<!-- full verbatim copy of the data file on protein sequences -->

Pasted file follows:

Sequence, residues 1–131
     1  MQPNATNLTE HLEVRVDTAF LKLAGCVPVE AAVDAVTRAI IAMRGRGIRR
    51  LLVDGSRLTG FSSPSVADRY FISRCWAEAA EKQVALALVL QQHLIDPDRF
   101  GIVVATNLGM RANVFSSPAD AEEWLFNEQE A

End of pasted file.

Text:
Sequence, residues 1–131
     1  MQPNATNLTE HLEVRVDTAF LKLAGCVPVE AAVDAVTRAI IAMRGRGIRR
    51  LLVDGSRLTG FSSPSVADRY FISRCWAEAA EKQVALALVL QQHLIDPDRF
   101  GIVVATNLGM RANVFSSPAD AEEWLFNEQE A